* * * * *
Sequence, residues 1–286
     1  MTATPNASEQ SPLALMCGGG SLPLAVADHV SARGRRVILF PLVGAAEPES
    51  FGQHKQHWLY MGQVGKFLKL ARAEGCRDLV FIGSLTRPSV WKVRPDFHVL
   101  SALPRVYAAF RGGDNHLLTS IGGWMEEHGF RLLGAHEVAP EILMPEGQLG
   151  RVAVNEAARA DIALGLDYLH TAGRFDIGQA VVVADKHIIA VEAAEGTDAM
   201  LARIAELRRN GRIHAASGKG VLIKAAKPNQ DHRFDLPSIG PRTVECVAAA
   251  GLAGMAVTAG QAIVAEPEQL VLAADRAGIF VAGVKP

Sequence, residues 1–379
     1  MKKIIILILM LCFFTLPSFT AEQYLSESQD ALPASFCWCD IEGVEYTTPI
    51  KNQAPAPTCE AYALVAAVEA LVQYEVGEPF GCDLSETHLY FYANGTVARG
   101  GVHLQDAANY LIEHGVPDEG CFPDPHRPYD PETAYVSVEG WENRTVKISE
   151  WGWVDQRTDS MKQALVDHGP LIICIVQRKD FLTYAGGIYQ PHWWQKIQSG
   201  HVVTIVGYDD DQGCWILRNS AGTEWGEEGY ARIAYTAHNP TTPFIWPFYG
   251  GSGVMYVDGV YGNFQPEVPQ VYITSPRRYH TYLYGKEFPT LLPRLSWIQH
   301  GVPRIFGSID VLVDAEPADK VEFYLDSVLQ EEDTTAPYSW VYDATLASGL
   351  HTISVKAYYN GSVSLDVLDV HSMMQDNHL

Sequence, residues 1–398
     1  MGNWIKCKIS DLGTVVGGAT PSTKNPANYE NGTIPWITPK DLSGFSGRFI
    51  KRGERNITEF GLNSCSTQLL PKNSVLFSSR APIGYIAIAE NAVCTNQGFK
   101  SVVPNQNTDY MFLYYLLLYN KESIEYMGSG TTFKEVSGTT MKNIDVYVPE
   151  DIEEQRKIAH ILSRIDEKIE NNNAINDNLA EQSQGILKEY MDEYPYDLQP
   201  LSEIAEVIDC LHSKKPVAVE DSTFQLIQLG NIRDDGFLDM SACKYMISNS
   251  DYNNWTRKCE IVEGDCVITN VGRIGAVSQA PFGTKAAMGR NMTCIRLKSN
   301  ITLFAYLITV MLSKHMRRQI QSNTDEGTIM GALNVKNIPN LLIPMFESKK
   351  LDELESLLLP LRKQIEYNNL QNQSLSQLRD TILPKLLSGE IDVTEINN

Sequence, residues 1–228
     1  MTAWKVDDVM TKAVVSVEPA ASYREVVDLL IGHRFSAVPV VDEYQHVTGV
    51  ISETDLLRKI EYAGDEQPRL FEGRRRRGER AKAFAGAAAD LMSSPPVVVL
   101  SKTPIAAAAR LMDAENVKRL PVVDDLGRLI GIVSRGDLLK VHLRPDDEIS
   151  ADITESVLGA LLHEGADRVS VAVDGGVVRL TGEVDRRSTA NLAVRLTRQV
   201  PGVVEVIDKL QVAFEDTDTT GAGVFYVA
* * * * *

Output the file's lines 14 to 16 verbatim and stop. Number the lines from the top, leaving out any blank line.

   251  GSGVMYVDGV YGNFQPEVPQ VYITSPRRYH TYLYGKEFPT LLPRLSWIQH
   301  GVPRIFGSID VLVDAEPADK VEFYLDSVLQ EEDTTAPYSW VYDATLASGL
   351  HTISVKAYYN GSVSLDVLDV HSMMQDNHL